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  #261  
Old 08.02.2017, 08:47
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Re: Investment fund

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That's not true, I compared Fundsmith T Acc (GBP) with iShares S&P500 Acc (GBP), ticker CSP1. So this chart shows total return in GBP.
I stand corrected. Editing the post above accordingly.
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  #262  
Old 08.02.2017, 10:15
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Re: Investment fund

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They are an international fund holding 29 stocks there should be zero correlation to the S&P 500 index, looking for a connection is pointless.
While there shouldn't be any causality links, if there is a statistical correlation that means that the results of Fundsmith, to some extent, can be replicated by a much cheaper ETF.

The counter argument of course being, what is said extent, and what is the performance cost? Also, how does FS handle drawdowns?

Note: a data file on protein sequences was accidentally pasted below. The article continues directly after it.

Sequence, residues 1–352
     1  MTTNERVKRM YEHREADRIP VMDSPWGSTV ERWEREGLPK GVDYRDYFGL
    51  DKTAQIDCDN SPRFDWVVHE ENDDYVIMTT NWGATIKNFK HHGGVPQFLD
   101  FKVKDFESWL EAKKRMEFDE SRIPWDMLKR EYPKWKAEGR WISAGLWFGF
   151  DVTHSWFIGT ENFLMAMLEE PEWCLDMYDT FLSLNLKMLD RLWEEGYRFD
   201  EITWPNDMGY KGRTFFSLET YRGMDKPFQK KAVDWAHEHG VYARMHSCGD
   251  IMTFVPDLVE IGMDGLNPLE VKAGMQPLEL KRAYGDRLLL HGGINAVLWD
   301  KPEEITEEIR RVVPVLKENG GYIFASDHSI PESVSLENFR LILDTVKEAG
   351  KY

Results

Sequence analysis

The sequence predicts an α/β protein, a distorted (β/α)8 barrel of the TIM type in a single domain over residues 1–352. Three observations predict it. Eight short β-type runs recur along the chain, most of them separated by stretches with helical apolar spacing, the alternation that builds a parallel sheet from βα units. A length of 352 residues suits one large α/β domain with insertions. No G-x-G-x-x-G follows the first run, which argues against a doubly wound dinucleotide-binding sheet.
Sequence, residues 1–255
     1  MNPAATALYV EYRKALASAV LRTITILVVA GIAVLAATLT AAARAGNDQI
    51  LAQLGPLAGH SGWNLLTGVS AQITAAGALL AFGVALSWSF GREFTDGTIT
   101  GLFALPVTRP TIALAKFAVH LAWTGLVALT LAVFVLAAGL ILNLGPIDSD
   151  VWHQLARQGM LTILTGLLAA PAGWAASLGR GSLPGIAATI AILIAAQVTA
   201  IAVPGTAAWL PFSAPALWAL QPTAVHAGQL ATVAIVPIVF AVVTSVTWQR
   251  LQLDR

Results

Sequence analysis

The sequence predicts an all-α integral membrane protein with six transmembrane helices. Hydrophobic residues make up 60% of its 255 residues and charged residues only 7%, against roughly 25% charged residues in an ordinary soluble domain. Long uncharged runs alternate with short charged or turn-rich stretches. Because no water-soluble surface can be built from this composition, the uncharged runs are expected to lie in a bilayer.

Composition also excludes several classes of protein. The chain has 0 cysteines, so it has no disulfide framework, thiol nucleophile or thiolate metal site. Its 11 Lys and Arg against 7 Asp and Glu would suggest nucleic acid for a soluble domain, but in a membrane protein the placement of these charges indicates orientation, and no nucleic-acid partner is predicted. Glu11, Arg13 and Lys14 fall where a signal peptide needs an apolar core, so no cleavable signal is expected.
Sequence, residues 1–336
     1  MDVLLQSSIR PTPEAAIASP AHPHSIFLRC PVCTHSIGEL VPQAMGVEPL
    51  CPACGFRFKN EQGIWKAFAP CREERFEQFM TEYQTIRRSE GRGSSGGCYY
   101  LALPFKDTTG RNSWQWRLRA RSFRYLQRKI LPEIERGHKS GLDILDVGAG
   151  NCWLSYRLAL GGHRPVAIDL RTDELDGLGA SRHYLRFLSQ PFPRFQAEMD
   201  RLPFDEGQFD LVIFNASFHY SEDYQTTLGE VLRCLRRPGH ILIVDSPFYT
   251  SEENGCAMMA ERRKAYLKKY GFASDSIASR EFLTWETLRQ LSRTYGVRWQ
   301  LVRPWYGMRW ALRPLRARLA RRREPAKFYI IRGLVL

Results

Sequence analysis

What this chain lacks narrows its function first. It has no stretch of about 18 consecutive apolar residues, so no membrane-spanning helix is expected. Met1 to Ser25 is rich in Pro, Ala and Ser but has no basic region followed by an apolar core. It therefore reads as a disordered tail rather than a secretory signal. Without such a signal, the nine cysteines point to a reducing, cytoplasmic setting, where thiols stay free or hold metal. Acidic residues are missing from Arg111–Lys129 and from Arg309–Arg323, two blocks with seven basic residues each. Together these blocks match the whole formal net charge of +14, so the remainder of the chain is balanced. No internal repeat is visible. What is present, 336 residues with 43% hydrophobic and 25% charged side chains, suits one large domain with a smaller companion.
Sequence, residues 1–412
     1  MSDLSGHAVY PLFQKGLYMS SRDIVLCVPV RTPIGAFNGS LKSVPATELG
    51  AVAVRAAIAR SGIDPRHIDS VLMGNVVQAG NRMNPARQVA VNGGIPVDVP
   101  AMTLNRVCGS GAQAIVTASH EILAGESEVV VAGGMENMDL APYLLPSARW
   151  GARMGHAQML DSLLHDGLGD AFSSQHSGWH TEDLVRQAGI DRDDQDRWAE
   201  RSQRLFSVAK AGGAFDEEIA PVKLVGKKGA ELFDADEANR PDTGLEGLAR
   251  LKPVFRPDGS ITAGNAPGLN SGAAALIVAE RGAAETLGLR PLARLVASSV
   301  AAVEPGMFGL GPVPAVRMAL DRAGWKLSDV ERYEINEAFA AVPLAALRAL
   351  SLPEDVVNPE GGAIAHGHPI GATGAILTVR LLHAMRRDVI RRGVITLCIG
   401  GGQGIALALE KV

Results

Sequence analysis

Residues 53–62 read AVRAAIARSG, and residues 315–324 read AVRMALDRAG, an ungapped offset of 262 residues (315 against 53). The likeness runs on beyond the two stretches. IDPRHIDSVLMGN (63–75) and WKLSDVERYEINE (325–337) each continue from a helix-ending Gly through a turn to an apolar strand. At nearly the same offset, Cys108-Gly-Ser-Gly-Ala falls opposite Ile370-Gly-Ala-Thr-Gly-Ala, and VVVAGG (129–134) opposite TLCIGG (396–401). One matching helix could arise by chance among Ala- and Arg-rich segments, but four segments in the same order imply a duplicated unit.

As far as performance goes, annualised for the last 5y, S&P total returns does 19.12% in GBP terms, and FS did 20.28%. Since Inception S&P did 17.71% and FS did 19.10%. Volatilities are just 2 points away in favor of FS, so the sortino gets better.

Re: drawdowns the fund dipped at around 10% in the October and November past, but it recovered so quickly it doesn't really matter.

The fund also dipped another 9.60% in August 2015 with China's scare, and participated in past February's slump.

So yes it recovers quickly (so did the market by the way) and in absolute performance terms it is doing better than SPX (if only just). They're not much better in vol profiles, so it's not like you sleep easier at night with you money there instead of S&P, and their 50w rolling alpha comes and goes. Their beta varies wildly between 0 and 80%, and the only reason they're making more money than the market overall is because it's only 29 companies and they didn't get caught in the middle of the ridiculous rotations of '16 (which is when their performance really decoupled).